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Today’s Voice, Tomorrow’s Vision

• CVMA Welcomes New CEO-designate • HB16-1324: Where Are We Now? • CVMA Membership 2017

2016, ISSUE #4 CVMA Voice 201 6 : 4   |   PAGE 1



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TABLE OF CONTENTS Inside President’s Post . . . . . . . . . . . 4 Briefings . . . . . . . . . . . . . . . . . 5 Of Note . . . . . . . . . . . . . . . . . . 6

6 CVMA Membership 2017

CVMA: Doing More, Together . . . . . . . . . . . .


2017 CVMA Membership & Benefits . . . . . . .


CVMA Welcomes New CEO-designate . . . . 10 CVMA Convention 2016 . . . . . . . . . . . . . . . . . 12 Bucking Broncos and Different Perspectives . . . . . . . . . . . . . . . . . . . . . . . . . . . 13 Can Underserved Pet Owners Be Profitably Served? . . . . . . . . . . . . . . . . . . .  14 Immigrant Veterinarian Overcomes Incredible Odds to Succeed . . . . . . . . . . . . . . 17 Wellness Risk Factor Study Finds Positive Correlation to VMA Membership . . . . . . . . . 18


Government Affairs . . . . . . . .  21

CVMA Convention 2016

HB16-1324: Where Are We Now? . . . . . . . . .


Veterinary Pharmaceutical Advisory Committee . . . . . . . . . . . . . . . . . . . . . . . . . . . . . 22

Science Update . . . . . . . . . .  24 Pets Exposed to Wildlife . . . . . . . . . . . . . . . 24 National Animal Health Lab Network More Critical than Ever . . . . . . . . . . . . . . . . .

29 Veterinary Team Synergy


In Practice . . . . . . . . . . . . . . . . 26 Who Needs a Manager? . . . . . . . . . . . . . . . . . 26

CVMA Events and Deadlines January 19 Dental Promotions That Boost Compliance Webinar January 19–22 CVMA SkiCE 2017 Breckenridge February 8 PDS: Ophthalmology for the General Practitioner Denver February 16 The Art of Advocacy: Advancing the Profession’s Public Policy Agenda Denver February 16 Phone Scripts That Gain New Clients Webinar March 8 PDS: Feline Internal Medicine Denver March 16 Ways to Increase Productivity When You’re Short Staffed Webinar April 12 PDS: What’s New in Pharmacology Denver April 20 How to Prevent Client Complaints and Bad Reviews Webinar

A Day in the Life of a Modern Veterinarian . . . . . . . . . . . . . . . . . . . . . . . . . . . 28 Practice Performance Webinars 2017 . . . . 29 Veterinary Team Synergy . . . . . . . . . . . . . . 29 Can Placebos Benefit the Treatment of Separation Anxiety in Dogs? . . . . . . . . . 30 Compounding Transdermal Medications for Feline Patients . . . . . . . . . . . . . . . . . . . . .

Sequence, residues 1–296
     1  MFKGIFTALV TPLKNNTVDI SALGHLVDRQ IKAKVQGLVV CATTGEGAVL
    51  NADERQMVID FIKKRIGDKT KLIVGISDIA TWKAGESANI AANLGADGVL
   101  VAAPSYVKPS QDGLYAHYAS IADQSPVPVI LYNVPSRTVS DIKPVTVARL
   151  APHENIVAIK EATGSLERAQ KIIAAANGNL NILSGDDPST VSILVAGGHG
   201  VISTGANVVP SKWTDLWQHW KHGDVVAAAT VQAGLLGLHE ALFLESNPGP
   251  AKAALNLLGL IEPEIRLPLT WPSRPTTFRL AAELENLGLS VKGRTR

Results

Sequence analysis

32 Compounding Transdermal Medications for Feline Patients


CVMA News . . . . . . . . . . . . . 36 CVMA Staff Updates . . . . . . . . . . . . . . . . . . . .  36 CVMA Welcomes 2016/17 Executive Committee . . . . . . . . . . . . . . . . . . . . . . . . . . . .  37 CVMA CE Southwest . . . . . . . . . . . . . . . . . .


CVMA Chapter Connections . . . . . . . . . . . . 38

Our Mission To enhance animal and human health and welfare, and advance the knowledge and wellbeing of Colorado veterinarians.

2 01 6, I ssue # 4

Colorado Veterinary Medical Association


191 Yuma Street Denver, Colorado 80223 303.318.0447 or 800.228.5429 Fax 303.318.0450 MANAGING EDITOR Cami Cacciatore PUBLISHER Ralph Johnson The CVMA VOICE is published quarterly to members (Core and Premium members will receive a mailed print copy and Basic members will have online access only) and once a year to nonmembers free of charge.   Information and advice presented in this publication do not necessarily represent the views of CVMA.

Deadlines for Submission All articles, contributions, and display ads must be received in the CVMA office by the dates below. For more information or to obtain a rate schedule, contact the CVMA office at 303.318.0447 or Issue Issue Issue Issue

#1 — January 15 #2 — April 15 #3 — July 15 #4 — October 15

Sam Romano, DVM President

Traveling the state this past summer on CVMA chapter visits was a life-changing event. Colorado is beautiful, that’s no secret. From the incredibly lush eastern plains to the mountains, the scenery was amazing. The image of cattle grazing in the rain among miles of wind turbines near Limon was incredible. But what makes it especially wonderful are the amazing people—you, your families, and your communities. I’m deeply grateful for your hospitality and the opportunity to talk with you about life and the rapidly changing face of veterinary medicine in our state. As with many experiences, the true impact often takes weeks or months to process. That’s been my case, and the learning, paradigm shifts, and personal awareness has started to materialize. As a small animal practitioner in Denver for 30-plus years, to say I was wearing blinders and unaware of the complex realities facing our profession and state is an epic understatement. Spending time at the capitol, and interacting with regulatory agencies, added additional “rings” to my wakeup call. CVMA staff and members work incredibly hard to improve the lives of all Colorado citizens, animals, and veterinary professionals. A few personal insights gained from my experiences follow. Thank you for taking time to read on. Collaboration is the key to effective, positive change